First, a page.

Patients with multiple myeloma (MM) who have been fully vaccinated against COVID-19 were found to have an increased risk of breakthrough infections and related hospitalizations, signaling the need for more studies and precautions.
Fully vaccinated patients with multiple myeloma (MM) may be at an increased risk of breakthrough COVID-19 infections and hospitalization associated with breakthrough infection compared with patients without cancer, according to findings og a recent study.
The pattern established in the cohort study, which was published in JAMA Network Open, remained even after the investigators conducted propensity score matching for demographics, adverse socioeconomic determinants of health, transplant surgeries, comorbidities, types of vaccine, and medications (HR, 1.34; 95% CI, 1.06-1.69).
“These findings raise consideration for the development and implementation of enhanced mitigation strategies and the need for studies to evaluate the timing and impact of vaccine boosters in this unique, immunosuppressed population,” wrote the investigators.
Data from the beginning of the pandemic when vaccines were unavailable had showed an increased risk of COVID-19 infection and severe outcomes among patients with MM. Although recent studies showed a low rate of seroconversion after patients with MM and other hematological malignant neoplasms received a messenger RNA vaccine against COVID-19, the risk and outcomes of breakthrough infections among the vaccinated MM population are unknown.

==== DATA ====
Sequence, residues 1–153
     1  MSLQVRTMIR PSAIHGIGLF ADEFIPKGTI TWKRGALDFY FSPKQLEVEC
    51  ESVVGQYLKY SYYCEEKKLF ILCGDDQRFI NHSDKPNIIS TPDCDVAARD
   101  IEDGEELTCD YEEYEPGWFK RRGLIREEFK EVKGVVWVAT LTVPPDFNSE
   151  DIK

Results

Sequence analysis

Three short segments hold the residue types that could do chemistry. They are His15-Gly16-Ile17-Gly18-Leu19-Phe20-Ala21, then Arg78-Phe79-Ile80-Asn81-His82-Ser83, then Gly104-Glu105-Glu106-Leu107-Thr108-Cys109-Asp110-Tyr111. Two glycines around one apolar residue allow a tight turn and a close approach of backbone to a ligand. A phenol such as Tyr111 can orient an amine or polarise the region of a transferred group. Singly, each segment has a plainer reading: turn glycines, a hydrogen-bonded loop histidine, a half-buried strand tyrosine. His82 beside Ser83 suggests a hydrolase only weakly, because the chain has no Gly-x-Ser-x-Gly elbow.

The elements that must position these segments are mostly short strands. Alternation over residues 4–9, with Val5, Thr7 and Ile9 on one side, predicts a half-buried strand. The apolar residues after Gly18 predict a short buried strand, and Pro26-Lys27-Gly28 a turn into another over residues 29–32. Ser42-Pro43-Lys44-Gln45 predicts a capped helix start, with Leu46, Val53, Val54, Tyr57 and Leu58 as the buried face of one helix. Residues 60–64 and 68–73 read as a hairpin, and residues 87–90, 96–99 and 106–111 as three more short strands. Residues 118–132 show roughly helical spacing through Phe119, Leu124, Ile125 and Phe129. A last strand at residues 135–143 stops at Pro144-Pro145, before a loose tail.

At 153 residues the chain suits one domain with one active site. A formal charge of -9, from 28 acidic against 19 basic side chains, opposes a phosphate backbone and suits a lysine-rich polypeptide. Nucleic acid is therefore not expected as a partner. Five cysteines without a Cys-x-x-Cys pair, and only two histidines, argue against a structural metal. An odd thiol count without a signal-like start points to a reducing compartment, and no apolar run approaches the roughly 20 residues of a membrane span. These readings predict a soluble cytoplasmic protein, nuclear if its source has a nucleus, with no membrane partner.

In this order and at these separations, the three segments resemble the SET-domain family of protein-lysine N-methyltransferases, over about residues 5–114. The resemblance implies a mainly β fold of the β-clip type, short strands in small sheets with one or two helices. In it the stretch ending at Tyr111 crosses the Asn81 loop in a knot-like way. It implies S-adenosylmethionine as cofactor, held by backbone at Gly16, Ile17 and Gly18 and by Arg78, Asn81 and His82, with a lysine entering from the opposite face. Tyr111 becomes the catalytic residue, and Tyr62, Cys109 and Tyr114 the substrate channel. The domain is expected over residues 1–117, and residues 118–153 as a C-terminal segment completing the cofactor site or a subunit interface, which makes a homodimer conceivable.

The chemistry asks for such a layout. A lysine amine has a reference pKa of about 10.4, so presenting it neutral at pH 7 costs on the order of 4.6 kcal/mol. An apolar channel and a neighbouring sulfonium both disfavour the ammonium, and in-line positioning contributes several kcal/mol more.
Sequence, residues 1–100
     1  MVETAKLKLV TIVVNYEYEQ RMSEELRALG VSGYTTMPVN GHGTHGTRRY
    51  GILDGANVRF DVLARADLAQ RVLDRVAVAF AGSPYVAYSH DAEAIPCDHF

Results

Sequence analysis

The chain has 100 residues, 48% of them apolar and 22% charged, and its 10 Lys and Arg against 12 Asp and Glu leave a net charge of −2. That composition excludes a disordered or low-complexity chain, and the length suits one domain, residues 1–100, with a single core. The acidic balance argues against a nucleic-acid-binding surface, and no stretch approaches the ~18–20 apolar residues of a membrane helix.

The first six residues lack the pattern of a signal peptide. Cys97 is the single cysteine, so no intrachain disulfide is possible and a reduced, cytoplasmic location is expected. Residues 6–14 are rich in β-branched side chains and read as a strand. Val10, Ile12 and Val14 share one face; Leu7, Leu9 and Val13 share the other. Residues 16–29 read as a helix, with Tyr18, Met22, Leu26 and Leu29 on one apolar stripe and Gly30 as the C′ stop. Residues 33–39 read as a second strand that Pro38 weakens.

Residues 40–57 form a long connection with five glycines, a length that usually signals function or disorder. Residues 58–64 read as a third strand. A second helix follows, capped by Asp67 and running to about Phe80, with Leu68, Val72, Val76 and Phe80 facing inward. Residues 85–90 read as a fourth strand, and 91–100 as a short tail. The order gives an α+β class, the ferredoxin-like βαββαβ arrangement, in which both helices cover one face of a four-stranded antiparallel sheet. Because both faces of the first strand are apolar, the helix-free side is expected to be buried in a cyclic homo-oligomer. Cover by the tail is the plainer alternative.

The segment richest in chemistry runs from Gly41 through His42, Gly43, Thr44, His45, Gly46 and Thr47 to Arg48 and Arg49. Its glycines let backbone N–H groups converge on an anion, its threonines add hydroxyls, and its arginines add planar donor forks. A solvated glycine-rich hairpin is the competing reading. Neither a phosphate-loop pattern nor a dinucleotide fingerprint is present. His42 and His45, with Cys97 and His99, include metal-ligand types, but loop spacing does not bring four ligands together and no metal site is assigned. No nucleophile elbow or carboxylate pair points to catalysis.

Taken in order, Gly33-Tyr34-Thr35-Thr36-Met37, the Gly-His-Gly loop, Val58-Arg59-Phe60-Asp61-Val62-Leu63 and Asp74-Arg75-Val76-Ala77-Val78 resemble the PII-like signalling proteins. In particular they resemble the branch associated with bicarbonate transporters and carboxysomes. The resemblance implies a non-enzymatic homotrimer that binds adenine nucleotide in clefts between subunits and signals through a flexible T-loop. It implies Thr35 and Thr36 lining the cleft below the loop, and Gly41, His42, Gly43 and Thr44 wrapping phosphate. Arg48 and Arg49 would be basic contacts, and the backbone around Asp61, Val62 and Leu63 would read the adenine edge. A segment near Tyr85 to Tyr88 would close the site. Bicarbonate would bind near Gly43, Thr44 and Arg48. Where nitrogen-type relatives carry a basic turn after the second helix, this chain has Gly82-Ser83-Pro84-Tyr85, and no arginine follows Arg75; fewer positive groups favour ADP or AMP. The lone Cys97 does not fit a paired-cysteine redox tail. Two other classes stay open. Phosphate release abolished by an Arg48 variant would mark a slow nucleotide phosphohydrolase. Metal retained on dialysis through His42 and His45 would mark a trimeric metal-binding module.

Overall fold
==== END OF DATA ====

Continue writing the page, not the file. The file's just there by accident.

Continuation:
The investigators used the TriNetX Analytics network platform to obtain patient electronic health records (EHRs) from 63 health care organizations in the United States, containing data on 507,288 patients, 1182 of whom had MM. The patients had to have a medical encounter with a health care organization since December 1, 2020; have evidence of full vaccination between December 1, 2020, and October 8, 2022; and have no history of COVID-19 infection.
The mean (SD) age was 68.0 (11.6) years for the MM group and 51.3 (20.8) years for the noncancer group. About 60% of the entire cohort was White. Among the patients with MM, 33.8% had monoclonal gammopathy of undetermined significance (MGUS), 11.7% were in relapse, 88.7% had never been in remission, 60.0% received chemotherapy, 50.3% received targeted therapy, 12.1% had radiation therapy, and 26.6% had received stem cell transplants.
The overall risk of breakthrough infection was 15.4% in the MM population compared with 3.9% in the noncancer population. The estimated probability of hospitalization by October 8, 2021, was 34.4% for the 181 patients with MM who had a breakthrough infection, significantly higher than that for a group of matched patients without cancer and without a breakthrough infection (4.5%; HR, 15.9; 95% CI, 6.2-40.3).
Among the patients with MM who experienced a breakthrough infection, 34.8% had MGUS, 15.5% were in relapse, 86.6% had never achieved remission, 64.2% had chemotherapy, 54.3% had targeted therapy, 11.2% had radiation therapy, and 27.8% had a stem cell transplant.
“Despite the limitations inherent to observational analysis based on patient EHRs, our study leveraged a federated nationwide and real-time patient EHR database that allowed us to electronically monitor the risks and outcomes of vaccine breakthrough infections in a real-world vulnerable population,” the investigators noted.
Wang L, Berger NA, Xu R. Risks of SARS-CoV-2 breakthrough infection and hospitalization in fully vaccinated patients with multiple myeloma. JAMA Netw Open. 2021;4(11):e2137575. doi:10.1001/jamanetworkopen.2021.37575